South Africa

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Milk Fever in Cows

Milk fever in cows, also known as hypocalcaemia, is a disorder seen mainly in dairy cows just after calving (or more rarely, just before calving) and is a condition caused by a temporary deficiency of calcium in the bloodstream. It may lead to dystocia, stillborn calves and even the death of the cow. The condition must be considered one that needs immediate attention. Between 3 and 5% of dairy cows that are close to calving, or lactating cows shortly after calving, may suffer from the condition. However, it is preventable by adapting the diet to ensure optimal calcium levels in the bloodstream.


The majority of milk-fever cases in cows occur within 24 hours of calving because the high level of colostrum and milk production during this period requires that a lot of calcium is extracted from the blood. If the animal is unable to replace the calcium in the blood fast enough from calcium reserves in the bones, it suffers from calcium deficiency in the blood. Animals at risk of milk fever include: old cows unable to absorb calcium effectively, cows with a diet too high in calcium during pregnancy (causing the body to stop mobilising calcium from bones to correct calcium levels in bloodstream), animals on diets that are too low in calcium, animals suffering from vitamin D deficiency (although this is rare in SA due to a lot of sunshine), and animals with relatively alkaline digestive systems (diet-induced e.g. too much potassium) which creates a scenario not conducive to optimum calcium absorption.


Milk fever in cows can be detected by looking for the following signs, especially if these signs occur shortly after calving:

  • Loss of appetite
  • Lethargy and dullness.
  • Nervousness
  • Weight shifting
  • Hypersensitivity
  • Hind feet shuffling
  • Dry muzzle
  • Cold ears
  • Muscle tremors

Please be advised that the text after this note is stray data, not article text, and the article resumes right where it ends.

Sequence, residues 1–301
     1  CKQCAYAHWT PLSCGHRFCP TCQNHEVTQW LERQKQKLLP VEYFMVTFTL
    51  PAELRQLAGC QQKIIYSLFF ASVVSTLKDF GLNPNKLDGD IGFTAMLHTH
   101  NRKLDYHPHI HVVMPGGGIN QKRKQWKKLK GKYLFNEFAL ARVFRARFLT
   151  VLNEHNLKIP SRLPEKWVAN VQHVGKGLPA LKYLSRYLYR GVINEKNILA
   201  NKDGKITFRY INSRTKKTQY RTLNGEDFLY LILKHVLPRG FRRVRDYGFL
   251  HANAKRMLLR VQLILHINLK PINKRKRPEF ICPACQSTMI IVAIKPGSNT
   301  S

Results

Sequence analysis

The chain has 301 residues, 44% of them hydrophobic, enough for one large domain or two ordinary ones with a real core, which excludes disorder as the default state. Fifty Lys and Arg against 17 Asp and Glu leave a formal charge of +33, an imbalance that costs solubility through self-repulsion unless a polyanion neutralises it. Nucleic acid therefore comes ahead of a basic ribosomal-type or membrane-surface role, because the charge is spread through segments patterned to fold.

• Prostration with head turned to flank or extended (This is the classical milk fever posture)
  • Progressive loss of consciousness
  • Coma.


Administer an intravenous infusion of calcium and minerals as soon as possible. The solution must be at body temperature during the winter or adverse weather. It is advisable to have veterinarian perform the procedure, because administering calcium too fast or too much of it, may lead to heart arrhythmias which may be potentially lethal. If no veterinarian is available, administer the bottle of calcium at various sites under the skin - preferably not more than 50 ml in one spot. If the cow does not get up, turn the cow over onto her opposite side and keep turning the cow every two hours to prevent muscle damage from lying on one side too long. Leg massaging and removal of the calf may be necessary in acute cases. 


Monitor the animals’ feed and test the mineral content of forage. Consult with an expert regarding the right mineral balance in the feed. Where needed, remove free-choice mineral feed and administer mineral supplements. Supplement with vitamin D for better calcium absorption. In high producing herds, some nutritionists will recommend the use of anionic salts in the period just before calving (steaming-up period) in order to acidify the rumen to ensure optimal calcium absorption. Avoid feeds high in calcium (such as lucerne) during the dry period. Administer calcium injections just before and after calving, especially in cows with a history of contracting milk fever. 

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